The toxic effects and possible mechanisms of glyphosate on mouse oocytes.
Chemosphere. 2019 Jul 23 ;237:124435. Epub 2019 Jul 23. PMID: 31352102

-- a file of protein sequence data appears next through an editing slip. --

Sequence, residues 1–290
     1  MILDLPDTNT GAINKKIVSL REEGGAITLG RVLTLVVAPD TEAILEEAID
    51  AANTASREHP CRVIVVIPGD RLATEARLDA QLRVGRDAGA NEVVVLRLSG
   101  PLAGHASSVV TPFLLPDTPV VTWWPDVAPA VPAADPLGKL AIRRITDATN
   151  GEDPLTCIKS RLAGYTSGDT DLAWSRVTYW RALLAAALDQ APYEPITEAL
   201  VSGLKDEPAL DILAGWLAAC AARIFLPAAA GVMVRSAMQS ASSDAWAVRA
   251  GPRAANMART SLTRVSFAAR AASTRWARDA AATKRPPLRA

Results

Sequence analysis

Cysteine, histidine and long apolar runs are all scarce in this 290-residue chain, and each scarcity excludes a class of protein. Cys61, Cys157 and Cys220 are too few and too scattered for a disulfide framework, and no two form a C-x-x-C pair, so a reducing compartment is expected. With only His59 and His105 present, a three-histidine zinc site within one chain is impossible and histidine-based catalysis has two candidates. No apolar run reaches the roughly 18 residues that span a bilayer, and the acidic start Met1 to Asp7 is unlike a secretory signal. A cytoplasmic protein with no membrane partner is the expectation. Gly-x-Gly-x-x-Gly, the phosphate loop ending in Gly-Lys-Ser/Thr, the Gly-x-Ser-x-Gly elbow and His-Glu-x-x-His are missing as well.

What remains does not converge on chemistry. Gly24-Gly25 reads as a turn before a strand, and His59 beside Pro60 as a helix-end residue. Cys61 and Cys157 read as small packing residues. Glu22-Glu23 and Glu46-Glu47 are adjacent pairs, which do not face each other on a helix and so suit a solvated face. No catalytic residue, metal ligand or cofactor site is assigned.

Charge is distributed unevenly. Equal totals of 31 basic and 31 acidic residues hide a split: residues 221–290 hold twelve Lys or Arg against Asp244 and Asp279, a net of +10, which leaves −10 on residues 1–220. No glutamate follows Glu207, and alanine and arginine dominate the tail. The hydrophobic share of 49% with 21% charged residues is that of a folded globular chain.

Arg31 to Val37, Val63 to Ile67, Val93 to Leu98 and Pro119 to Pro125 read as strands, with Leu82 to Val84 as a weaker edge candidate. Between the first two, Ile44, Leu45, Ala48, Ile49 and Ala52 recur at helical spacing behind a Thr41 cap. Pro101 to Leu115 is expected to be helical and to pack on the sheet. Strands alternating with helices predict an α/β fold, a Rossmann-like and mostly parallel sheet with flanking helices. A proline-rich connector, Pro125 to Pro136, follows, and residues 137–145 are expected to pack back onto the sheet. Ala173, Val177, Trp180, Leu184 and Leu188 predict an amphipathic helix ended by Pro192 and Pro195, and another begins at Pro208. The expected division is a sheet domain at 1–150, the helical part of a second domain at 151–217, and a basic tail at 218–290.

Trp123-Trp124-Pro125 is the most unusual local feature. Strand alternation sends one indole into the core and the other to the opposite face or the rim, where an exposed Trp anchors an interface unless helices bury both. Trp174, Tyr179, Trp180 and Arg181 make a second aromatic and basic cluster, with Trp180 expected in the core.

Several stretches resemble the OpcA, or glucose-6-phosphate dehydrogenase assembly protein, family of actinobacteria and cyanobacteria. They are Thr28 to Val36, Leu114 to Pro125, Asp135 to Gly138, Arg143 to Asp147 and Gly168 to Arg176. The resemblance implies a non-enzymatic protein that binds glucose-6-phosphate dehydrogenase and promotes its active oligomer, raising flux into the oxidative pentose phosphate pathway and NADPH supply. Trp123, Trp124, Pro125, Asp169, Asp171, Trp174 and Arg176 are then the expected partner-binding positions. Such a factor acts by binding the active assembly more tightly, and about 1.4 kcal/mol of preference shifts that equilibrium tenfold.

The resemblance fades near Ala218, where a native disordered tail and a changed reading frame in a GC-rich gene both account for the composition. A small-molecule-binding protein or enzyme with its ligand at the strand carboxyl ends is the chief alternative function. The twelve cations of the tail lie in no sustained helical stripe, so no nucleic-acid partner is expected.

Glyphosate is a high-efficiency, low-toxicity, broad-spectrum herbicide. The residues of glyphosate-based herbicides are frequent pollutants in the environment. However, the effects of glyphosate on oocyte maturation, as well as its possible mechanisms, remain unclear. The present study revealed that mouse oocytes had reduced rates of germinal vesicle breakdown (GVBD) and first polar body extrusion (PBE) after treatment with 500 μM glyphosate. Reactive oxygen species (ROS) were found in mouse oocytes exposed to glyphosate, as shown by changes in the mRNA expression of related antioxidant enzyme genes (cat, sod2, gpx). After 14 h of exposure to glyphosate, metaphase II (MII) mouse oocytes displayed an abnormal spindlemorphology and DNA double-strand breaks (DNA-DSBs). Simultaneously, mitochondria showed an aggregated distribution and decreased membrane potential in mouse oocytes exposed to glyphosate. The protein expression levels of apoptosis factors (Bax, Bcl-2) and the mRNA expression levels of apoptosis-related genes (bax, bcl-2, caspase3) were measured by Western blot and qRT-PCR, respectively. Meanwhile, the expression levels of autophagy-related genes (lc3, atg14, mtor) and proteins (LC3, Atg12) were significantly decreased in the glyphosate treatment group compared with the control group. Collectively, our results indicated that glyphosate exposure could interfere with mouse oocyte maturation by generating oxidative stress and early apoptosis.